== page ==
What could cause his downfall?
Curiosity Sparked the Flame, Ambition Made Him Burn
Macbeth's descent into madness begins when the witches prophesy that he is to become Thane of Cawdor, and later even king. At first he was quite skeptical of these "Weird Sisters," but after some consideration, Macbeth states,"If good, why do I yield to that suggestion whose horrid image doth unfix my hair and make my seated heart knock at my ribs against the use of nature?" (25). The idea has arose the possibility of murdering King Duncan to get his way to the throne. All the witches had done was prophesy, Macbeth's murderous thoughts brought him to his knees. As for the involvement of Lady Macbeth, she had come to the same conclusion that the King should be murdered. Macbeth then begins to question whether or not the deed should be committed. He speaks to himself again, "If the assassination could trammel up the consequence, and catch, with his surcease, success, that but this blow might be the be-all and the end-all here, but here, upon this bank and shoal of time, we'ld jump the life to come. But in these cases we still have judgement here, that we but teach bloody instructions, which, being taught, return to plague the inventor" (41). He means that if only the KIng could be murdered and Macbeth claim the throne without consequence looming, then it would be good to commit what he had thought to do. But in good judgement, most terrible deeds tend to backfire. Even as he doubts himself, you can sense the ambition and what he might be feeling. You can tell from this if there was nothing to stop him Macbeth would have murdered Duncan without second thought. Lastly, after Macbeth has become king it is still not enough when Banquo begins to suspect his past deed. He hires murderers to kill him, but before he consults them he speaks to himself, "For Banquo's issue I have filed in my mind; for them the gracious Duncan have I murdered; Put rancors in the vessel of my peace only for them, and mine eternal jewel given to the common enemy of man to make them kings, the seed of Banquo kings!" (81). At the first meeting with the witches they had also said that Banquo would not be a king, but beginning with his sons would be a line of kings. Macbeth, would not like his crown, the "eternal jewel" to be his until it is taken by the sons of Banquo. Once again, his own ambition and greed causes him to commit another murder through those he hires.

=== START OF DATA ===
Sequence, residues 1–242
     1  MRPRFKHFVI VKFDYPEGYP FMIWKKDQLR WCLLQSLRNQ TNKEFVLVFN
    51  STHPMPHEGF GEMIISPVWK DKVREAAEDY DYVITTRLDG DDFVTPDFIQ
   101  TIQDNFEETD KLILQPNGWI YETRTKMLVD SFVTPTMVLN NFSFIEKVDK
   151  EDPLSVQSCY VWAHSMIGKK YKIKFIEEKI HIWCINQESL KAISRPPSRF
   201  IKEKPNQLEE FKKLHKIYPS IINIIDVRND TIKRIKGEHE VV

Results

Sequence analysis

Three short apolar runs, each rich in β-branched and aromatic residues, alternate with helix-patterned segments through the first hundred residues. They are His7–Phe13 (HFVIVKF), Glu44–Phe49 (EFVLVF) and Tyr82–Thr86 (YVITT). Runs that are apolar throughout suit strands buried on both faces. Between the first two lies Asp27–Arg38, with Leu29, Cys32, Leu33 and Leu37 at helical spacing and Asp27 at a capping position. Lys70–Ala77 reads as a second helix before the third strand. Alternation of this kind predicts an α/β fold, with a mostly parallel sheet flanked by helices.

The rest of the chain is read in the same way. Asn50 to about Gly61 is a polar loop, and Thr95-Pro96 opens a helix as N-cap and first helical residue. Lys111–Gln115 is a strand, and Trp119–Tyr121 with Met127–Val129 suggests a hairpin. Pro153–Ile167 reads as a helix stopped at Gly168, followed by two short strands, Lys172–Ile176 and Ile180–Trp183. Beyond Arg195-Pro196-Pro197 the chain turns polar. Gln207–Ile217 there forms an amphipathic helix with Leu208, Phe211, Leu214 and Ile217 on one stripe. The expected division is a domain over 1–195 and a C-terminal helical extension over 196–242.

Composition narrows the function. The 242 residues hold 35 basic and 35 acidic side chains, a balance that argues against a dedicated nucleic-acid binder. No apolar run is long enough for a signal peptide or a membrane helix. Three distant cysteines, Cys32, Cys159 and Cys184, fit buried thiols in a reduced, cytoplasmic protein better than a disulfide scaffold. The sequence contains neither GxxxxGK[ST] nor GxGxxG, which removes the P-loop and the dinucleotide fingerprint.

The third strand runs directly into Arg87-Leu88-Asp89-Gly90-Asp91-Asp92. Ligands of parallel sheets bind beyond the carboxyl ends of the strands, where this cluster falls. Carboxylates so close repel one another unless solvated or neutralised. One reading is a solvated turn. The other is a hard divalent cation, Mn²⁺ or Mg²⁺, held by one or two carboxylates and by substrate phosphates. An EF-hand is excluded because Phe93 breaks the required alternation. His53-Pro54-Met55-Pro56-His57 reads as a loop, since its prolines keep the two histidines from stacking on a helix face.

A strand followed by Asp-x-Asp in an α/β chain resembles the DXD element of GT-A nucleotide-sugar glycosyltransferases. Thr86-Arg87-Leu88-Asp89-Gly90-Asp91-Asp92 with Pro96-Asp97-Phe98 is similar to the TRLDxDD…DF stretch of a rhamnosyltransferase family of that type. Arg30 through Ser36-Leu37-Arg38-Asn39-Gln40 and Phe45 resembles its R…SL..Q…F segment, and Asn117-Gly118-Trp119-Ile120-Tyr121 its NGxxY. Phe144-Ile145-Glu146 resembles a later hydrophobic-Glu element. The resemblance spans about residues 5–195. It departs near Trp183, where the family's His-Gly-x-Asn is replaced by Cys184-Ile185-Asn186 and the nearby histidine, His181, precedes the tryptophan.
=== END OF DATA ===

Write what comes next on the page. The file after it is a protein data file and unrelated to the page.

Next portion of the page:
There are more than a few literary devices that are key in Macbeth. First, Macbeth being the tragic hero of the story. He starts off being a hero in the eyes of King Duncan and the other Thanes, earning him a new title. But after he murders Duncan, his error then led to his ultimate demise. This is excellently explained in his speech in Act 5 after the passing of his wife. He says, "Life's but a walking shadow, a poor player that struts and frets his hour upon the stage, and then is heard no more. It is a tale told by an idiot, full of sound and fury, signifying nothing" (171). Another literary device used often in the play is the use of analogies. When Macbeth begins to fear that Banquo has found out what he had committed, he says, "There is none but he whose being I do fear; and under him my genius is rebuked, as it is said Mark Antony's was by Caesar" (81). He feels as if Banquo's presence threats his rule, as Caesar did Mark Antony. Lastly, throughout the play lots of foreshadowing can be found, especially with the witches. In the witches meeting with Hecate, she states to them, "This night I'll spend unto a dismal and fatal end" (109). Hecate means to bring a gruesome end to Macbeth, and that she does when he is finally killed by Macduff.